An essay by Dr. Vadim Orlov, as provided by Ian Rose
Art by Justine McGreevy
I did it. It was me. We have all paid the price for my hubris and that of the fools who joined me. This is my confession.
I released the unicorn into our world.
We discovered its remains in a cave system in eastern Russia. The cave itself was only found a year before, revealed while digging the foundation for a new shopping center. Staff from the local museum knew immediately that they had something special, and when I was flown in from Moscow and first laid eyes on the massive cover stones blocking the cave entrance, it was the most exciting day of my professional life.
Nine layers of intricately carved stone had been laid to cap the tunnel, a level of technological effort never before seen in a site so old, but the cave itself, once revealed, was surprisingly free of any human symbols or characters. The only marks on the walls were deep gashes, as if someone had hacked at the stone repeatedly with a sword or axe.
Delving deeper, we found the beast.
At first, it looked to be nothing but bones, its flesh eaten away by millennia in the damp recesses of the cave. The skeleton was clearly equine, but larger by half than any extant species of horse. From its forehead rose a single spiraled horn, pure white and untouched by the ravages of so much time. Closer investigation revealed a small patch of meat hanging from one of its hind legs.
Naturally, we had our doubts. The entrance stones were impressive enough, but a unicorn skeleton was just too much for the skeptics. I counted myself among them. I ran every dating test twice, and they all came up with the same result: the creature had lived and died over 20,000 years ago.
The cloning idea came from a science blogger in Japan, and her audience enthusiastically spread it around the web. She even suggested that if we were willing to make the attempt, using the same techniques which had recently been used to resurrect the Tasmanian tiger and woolly mammoth, she would help raise the money.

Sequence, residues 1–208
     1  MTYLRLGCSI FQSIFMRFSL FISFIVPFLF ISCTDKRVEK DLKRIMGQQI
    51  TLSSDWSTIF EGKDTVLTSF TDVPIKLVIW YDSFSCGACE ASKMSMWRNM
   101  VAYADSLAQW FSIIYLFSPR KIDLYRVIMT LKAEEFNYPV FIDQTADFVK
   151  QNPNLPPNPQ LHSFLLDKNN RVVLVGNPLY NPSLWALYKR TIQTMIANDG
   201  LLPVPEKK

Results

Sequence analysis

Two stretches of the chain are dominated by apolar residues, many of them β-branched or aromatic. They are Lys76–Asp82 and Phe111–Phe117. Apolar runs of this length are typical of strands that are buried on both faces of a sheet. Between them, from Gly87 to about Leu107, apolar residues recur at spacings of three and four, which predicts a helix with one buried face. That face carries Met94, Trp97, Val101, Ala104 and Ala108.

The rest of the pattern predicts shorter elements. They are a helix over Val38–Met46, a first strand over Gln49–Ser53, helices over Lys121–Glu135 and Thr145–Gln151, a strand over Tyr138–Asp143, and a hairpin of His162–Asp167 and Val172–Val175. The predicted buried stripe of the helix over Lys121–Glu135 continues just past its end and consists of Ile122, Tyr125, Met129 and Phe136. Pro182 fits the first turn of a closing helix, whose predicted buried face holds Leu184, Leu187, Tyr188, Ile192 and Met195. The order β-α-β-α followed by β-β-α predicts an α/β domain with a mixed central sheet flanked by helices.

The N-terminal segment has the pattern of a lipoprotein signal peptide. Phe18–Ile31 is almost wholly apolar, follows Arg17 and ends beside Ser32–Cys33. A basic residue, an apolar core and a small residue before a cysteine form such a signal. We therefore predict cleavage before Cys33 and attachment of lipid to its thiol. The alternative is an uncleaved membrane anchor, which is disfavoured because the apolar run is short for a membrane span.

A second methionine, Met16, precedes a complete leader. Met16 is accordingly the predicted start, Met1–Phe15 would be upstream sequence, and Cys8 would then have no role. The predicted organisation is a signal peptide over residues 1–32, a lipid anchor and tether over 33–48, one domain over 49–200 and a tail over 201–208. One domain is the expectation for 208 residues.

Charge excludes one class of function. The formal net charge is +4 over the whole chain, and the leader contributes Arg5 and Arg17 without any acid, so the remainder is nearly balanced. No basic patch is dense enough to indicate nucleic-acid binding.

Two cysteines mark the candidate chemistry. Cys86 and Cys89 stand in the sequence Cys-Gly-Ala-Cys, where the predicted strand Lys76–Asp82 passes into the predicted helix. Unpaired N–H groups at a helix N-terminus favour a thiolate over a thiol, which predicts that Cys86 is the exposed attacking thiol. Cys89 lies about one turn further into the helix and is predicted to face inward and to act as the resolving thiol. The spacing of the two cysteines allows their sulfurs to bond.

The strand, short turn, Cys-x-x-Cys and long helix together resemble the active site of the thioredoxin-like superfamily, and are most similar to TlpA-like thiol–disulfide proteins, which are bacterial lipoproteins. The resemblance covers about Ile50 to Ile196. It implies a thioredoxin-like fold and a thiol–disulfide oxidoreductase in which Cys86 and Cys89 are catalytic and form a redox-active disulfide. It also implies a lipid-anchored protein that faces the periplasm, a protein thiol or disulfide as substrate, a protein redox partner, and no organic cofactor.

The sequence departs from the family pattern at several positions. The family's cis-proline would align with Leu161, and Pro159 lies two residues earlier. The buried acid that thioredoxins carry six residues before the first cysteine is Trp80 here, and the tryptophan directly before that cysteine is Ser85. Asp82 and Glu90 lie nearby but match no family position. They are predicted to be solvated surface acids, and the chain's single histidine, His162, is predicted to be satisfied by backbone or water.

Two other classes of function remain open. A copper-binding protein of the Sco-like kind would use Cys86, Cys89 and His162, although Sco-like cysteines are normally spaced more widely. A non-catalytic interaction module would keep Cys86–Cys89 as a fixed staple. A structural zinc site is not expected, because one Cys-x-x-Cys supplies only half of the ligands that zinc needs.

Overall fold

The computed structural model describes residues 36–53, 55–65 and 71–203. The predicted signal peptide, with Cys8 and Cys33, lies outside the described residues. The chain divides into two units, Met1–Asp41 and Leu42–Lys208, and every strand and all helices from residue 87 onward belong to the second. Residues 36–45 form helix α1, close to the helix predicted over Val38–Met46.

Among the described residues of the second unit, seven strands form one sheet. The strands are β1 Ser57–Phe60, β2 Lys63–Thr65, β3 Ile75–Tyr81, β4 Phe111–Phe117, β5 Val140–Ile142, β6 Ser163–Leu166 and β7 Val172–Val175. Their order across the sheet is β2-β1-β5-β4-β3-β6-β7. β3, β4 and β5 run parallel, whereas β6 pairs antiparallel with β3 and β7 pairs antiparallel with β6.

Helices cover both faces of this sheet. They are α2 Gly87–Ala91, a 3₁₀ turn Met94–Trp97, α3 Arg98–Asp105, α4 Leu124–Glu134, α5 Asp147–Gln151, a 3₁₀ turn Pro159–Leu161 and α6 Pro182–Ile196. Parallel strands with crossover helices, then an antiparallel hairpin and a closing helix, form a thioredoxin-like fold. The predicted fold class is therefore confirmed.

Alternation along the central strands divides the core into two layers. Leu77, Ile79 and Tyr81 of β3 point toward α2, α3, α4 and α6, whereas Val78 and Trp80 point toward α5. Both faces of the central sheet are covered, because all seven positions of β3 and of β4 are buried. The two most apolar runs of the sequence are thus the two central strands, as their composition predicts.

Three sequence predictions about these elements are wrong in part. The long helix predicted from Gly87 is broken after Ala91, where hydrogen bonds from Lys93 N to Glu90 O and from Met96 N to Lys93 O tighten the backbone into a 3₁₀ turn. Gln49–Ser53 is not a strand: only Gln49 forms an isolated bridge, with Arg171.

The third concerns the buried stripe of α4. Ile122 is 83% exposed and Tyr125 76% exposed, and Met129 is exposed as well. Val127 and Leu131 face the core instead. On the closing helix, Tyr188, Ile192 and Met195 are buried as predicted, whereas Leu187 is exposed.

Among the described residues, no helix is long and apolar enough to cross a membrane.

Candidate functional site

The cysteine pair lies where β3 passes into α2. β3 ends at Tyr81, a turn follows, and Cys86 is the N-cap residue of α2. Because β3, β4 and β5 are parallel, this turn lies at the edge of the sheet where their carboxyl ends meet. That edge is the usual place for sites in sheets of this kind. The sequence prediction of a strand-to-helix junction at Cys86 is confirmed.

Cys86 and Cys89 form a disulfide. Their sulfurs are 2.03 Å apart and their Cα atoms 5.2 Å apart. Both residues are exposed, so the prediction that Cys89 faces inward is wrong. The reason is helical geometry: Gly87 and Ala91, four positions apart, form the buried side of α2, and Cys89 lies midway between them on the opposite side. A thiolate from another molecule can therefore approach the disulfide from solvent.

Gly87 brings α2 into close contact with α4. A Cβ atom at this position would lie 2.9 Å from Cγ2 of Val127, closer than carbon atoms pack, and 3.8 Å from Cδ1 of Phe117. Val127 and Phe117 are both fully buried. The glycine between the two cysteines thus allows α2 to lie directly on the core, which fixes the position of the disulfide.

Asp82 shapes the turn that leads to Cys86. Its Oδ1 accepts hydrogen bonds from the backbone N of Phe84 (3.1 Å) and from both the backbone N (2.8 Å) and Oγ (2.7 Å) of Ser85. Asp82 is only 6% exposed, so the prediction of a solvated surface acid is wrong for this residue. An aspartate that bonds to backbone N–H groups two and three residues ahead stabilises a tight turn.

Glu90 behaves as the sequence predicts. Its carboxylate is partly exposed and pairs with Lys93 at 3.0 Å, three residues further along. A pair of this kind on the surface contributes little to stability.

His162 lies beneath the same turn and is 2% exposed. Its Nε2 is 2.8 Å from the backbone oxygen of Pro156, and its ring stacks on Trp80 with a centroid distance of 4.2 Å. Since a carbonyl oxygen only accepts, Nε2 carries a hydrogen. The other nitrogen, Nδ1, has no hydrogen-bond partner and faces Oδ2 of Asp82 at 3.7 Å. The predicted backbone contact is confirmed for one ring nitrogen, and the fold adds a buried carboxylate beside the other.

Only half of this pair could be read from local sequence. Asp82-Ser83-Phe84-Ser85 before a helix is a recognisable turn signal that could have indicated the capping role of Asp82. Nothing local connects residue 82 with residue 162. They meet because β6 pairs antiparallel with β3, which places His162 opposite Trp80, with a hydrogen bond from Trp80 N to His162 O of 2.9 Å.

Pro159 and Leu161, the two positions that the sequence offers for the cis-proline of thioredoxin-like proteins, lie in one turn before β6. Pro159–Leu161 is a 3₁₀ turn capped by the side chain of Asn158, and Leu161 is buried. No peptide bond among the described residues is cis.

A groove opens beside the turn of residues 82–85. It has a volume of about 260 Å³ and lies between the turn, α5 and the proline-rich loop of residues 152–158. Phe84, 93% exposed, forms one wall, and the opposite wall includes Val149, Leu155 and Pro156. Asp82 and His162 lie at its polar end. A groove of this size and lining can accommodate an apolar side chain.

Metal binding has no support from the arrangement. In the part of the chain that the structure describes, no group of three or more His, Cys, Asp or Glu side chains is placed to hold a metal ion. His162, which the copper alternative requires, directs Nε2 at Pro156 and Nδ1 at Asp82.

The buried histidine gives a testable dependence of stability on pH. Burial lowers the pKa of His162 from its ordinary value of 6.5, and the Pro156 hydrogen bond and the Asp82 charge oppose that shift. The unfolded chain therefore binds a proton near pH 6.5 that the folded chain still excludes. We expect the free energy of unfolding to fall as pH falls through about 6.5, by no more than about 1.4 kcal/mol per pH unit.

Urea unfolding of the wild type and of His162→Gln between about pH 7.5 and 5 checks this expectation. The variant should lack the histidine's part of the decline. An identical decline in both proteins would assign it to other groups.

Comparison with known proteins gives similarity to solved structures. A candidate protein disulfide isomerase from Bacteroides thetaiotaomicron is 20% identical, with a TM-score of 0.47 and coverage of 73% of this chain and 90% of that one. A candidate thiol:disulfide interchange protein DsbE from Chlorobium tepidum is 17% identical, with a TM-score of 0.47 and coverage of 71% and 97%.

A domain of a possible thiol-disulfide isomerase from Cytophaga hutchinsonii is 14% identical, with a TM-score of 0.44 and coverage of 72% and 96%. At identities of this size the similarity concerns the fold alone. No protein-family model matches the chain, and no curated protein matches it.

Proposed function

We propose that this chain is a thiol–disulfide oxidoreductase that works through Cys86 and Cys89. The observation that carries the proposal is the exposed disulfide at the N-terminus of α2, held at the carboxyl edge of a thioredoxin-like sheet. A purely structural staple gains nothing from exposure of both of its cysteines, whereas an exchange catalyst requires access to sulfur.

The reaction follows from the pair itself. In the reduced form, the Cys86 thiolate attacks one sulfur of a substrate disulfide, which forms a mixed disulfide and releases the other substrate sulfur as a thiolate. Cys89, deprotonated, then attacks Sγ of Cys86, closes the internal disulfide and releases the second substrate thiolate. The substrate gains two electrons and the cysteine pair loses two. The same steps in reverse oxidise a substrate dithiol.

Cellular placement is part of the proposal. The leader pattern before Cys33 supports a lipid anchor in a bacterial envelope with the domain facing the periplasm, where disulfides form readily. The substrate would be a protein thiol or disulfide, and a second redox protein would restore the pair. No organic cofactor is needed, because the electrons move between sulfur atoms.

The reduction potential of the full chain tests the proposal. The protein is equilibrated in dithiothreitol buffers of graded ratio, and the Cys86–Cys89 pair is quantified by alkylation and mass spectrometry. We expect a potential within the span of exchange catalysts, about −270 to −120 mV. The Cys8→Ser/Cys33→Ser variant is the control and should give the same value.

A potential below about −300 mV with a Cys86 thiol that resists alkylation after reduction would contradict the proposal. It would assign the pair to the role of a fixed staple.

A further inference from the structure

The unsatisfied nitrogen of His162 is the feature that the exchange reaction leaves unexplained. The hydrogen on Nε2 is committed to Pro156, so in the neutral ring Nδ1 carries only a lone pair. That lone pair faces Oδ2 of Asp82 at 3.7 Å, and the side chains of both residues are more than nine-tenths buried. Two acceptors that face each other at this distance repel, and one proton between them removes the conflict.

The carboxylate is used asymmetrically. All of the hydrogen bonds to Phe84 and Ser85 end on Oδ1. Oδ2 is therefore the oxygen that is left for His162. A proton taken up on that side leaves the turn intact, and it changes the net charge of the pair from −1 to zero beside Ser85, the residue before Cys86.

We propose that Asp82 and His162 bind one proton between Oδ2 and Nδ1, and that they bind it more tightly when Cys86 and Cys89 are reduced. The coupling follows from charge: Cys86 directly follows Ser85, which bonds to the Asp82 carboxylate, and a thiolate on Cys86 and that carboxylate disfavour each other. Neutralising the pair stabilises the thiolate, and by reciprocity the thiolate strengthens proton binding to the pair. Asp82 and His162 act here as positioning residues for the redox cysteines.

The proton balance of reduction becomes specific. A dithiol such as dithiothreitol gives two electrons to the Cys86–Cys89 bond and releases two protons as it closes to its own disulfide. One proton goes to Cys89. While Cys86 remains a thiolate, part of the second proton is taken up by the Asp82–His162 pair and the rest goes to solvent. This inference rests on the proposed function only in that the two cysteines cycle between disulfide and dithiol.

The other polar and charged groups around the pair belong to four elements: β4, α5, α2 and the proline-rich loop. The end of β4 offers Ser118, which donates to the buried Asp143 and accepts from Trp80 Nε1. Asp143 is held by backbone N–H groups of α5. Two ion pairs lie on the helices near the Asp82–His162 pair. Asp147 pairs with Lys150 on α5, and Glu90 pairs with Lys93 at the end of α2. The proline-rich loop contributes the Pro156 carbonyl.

Our crowdsourcing campaign reached its initial goal in 36 hours. By the time it was over, we had raised millions more than we needed. We had no choice but to try.
The cells in that small scrap of recovered meat proved to be remarkably intact. At every step of the process, we marveled at the ease and quickness of success. We had a viable egg and sperm in a matter of weeks, engineered from the DNA in that tiny sample. The mammoth had taken almost a year.
Inside the belly of a Clydesdale mare, we watched the creature grow. When the tiny nub of its horn appeared on an ultrasound scan, it became the most shared digital image of the year. It was a perfectly healthy developing foal, in every way a horse except for its size and its legendary ornament.
The foal was born on a sunny day in June, the day that everything changed.
To read the rest of this story, check out the Mad Scientist Journal: Spring 2014 collection.
Dr. Vadim Orlov was a distinguished professor of zoology at Moscow University before the fall. Despite a long career in paleontology and many important publications, he will unfortunately be best remembered for his participation in the events described above, and his organization of human survivors afterward. He had a wife and two adopted children in Moscow, whose whereabouts are still unknown.
Ian Rose lived on every coast that the United States has to offer, and had a few short stints inland, before settling in Oregon. He lives with his fiancee, her daughter, and a mischievous black cat. His work has recently appeared in New Myths and Cast of Wonders, and more of his writing can be found at http://ianwrites.com.
Justine McGreevy is a slowly recovering perfectionist, writer, and artist. She creates realities to make our own seem slightly less terrifying. Her work can be viewed at http://www.behance.net/Fickle_Muse and you can follow her on Twitter @Fickle_Muse.